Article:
Pause. Breathe. Repeat.
Whether you're injured, lack mobility or find yourself stuck in an office chair, there will be times you’re not able to practice yoga in the traditional sense—on a mat, in various postures that involve standing or lying down. Thankfully, yoga can be practiced anywhere—even at the office!
With chair yoga, you receive all of the health benefits of yoga—muscle and bone mass, balance, relaxation and mind-body-spirit awareness—all while sitting at your desk or at home in your favorite chair. Chair yoga does not follow any specific school of yoga; rather, it borrows and modifies postures from all different branches. Even if you are not very flexible, you can still receive numerous benefits from each posture. Ready to begin? Try the following sequence—it only takes a few minutes!
To start, find a chair that’s solid and sturdy with a straight back. Begin with a short meditation to help relax the mind and prepare your body for relaxation. Sit still in a comfortable position with a straight spine. Engage your core, rooting your tailbone into the chair then take a deep inhale while lifting your heart.
Exhale your shoulders down away from your ears. Inhale the crown of your head toward the ceiling. Close your eyes and bring your attention to the point between the eyebrows, the center of will and spiritual perception. Continue to inhale and exhale slowly and deeply, filling up the lungs with an equal count. Check in with how you’re feeling, then let the cares of the world melt away. Set an intention for your practice.
1. Lotus Preparation (Padmasana). Lotus is the traditional seat for meditation. You can just sit comfortably in your desk chair, with your neck and spine straight and erect, to begin to calm your brain. Place your hands palms up, with the thumbs and first fingers touching. If practical in an office setting, practice crossing your legs to build up the Lotus position. This will help free your spine from the stress of sitting at your desk all day. Traditional Sanskrit texts say that “Padmasana”, or Lotus pose can destroy all disease. Note: Lotus is a two-sided pose, so be sure to practice both leg crosses. Practice gently, finding your edge without pushing yourself to the point of pain. Listen to your body.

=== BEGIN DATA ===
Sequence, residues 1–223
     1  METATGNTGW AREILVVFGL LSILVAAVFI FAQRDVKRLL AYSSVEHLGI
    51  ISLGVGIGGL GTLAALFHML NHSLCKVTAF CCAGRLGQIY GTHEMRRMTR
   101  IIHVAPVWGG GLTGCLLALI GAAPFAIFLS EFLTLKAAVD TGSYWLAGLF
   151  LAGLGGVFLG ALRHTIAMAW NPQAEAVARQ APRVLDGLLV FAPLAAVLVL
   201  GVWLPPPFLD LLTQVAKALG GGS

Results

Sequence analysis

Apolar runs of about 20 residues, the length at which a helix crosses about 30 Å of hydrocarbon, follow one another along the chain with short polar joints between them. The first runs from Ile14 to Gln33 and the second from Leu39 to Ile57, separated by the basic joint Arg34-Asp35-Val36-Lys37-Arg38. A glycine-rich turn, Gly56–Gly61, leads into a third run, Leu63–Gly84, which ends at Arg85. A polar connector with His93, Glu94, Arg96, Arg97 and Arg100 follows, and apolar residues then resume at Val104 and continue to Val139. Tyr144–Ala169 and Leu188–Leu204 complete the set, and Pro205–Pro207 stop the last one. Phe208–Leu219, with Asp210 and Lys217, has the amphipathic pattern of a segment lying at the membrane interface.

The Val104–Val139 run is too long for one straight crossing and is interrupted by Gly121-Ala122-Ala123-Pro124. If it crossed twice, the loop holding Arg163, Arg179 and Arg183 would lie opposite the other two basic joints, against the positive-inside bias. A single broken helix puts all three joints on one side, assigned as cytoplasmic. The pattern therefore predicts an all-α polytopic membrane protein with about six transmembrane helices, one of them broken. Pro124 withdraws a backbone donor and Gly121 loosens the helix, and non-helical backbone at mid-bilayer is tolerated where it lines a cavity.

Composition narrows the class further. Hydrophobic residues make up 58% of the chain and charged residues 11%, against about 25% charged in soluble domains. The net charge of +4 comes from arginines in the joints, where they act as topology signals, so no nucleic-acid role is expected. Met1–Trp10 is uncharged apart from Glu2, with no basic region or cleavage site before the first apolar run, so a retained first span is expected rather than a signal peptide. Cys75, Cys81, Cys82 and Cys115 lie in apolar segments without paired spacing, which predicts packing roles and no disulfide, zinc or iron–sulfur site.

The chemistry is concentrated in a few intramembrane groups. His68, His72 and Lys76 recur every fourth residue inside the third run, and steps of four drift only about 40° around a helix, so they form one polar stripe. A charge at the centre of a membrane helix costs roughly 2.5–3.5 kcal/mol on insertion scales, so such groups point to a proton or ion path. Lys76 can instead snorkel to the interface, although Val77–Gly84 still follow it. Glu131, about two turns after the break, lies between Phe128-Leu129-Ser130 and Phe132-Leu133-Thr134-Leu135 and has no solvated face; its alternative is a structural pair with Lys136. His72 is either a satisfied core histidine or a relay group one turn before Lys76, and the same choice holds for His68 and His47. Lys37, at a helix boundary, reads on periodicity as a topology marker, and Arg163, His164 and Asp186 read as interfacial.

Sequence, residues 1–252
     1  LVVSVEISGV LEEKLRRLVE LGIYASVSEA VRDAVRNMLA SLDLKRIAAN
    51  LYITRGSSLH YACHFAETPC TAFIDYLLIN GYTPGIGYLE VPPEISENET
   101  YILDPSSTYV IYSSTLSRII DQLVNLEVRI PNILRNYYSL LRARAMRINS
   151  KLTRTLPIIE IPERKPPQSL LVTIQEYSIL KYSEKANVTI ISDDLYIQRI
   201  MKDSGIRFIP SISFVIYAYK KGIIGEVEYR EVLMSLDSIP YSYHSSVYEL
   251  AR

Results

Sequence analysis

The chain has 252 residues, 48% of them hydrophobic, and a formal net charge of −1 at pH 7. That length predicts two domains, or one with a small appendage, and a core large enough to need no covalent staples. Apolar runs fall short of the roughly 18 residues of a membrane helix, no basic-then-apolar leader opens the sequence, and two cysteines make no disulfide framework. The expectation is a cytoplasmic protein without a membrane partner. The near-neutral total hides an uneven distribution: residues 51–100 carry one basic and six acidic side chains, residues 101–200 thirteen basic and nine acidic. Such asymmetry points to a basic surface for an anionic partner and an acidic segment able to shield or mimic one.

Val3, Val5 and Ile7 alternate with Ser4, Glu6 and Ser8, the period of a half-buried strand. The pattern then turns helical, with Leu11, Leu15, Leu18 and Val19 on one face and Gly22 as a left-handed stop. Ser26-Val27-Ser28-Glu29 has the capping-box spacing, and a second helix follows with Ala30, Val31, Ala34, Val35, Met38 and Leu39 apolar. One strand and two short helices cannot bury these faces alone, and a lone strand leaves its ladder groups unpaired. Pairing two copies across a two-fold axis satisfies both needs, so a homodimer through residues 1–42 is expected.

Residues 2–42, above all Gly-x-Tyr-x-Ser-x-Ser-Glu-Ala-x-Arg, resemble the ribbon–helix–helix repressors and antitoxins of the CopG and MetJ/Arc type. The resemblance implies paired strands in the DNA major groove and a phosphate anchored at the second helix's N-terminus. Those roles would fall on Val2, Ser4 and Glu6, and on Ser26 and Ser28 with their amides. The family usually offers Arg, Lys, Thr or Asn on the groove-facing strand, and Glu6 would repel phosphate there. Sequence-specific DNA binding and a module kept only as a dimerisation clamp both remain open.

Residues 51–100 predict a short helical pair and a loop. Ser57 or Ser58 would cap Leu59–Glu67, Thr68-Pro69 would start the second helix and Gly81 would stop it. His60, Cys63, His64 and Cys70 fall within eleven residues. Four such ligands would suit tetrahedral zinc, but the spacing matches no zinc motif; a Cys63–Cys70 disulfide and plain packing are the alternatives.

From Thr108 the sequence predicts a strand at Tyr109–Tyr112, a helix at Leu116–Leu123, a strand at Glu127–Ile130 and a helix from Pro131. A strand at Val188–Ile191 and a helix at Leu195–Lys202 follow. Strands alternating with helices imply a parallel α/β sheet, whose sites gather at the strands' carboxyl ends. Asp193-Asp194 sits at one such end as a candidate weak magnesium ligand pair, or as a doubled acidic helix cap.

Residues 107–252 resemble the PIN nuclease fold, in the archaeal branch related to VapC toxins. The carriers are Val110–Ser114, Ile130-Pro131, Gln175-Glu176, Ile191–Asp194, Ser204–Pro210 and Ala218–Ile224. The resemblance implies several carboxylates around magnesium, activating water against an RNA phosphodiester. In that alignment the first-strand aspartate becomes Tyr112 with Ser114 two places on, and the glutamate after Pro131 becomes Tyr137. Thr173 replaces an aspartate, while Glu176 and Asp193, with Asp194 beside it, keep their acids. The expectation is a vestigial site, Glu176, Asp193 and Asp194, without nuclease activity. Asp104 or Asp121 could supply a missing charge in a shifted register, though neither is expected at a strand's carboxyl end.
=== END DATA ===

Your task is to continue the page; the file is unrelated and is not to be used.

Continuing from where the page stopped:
2. Eagle Arms (Garudasana). Sit erect and place arms in front of you at a 90-degree angle. Cross your arms so that the right arm is above the left. Interlock your arms and press your palms together with the tips of your fingers pointed upwards. Feel yourself contracting. This pose strengthens triceps, shoulders, and back muscles. It’s also a good preventative measure against carpal tunnel syndrome. To get a similar stretch through the legs, simply cross and interlock them with one foot behind the other.
3. Knee Squeeze. Sitting upright in your chair, inhale and hug both hands around the front of your left knee, pulling it to your chest, holding in the breath for a beat. On an exhale, lower your head to your knee, holding it there for a few seconds and you breathe in and out. Release slowly on an exhale. Repeat on the right side. This pose relaxes the lower back and improves digestion and respiration.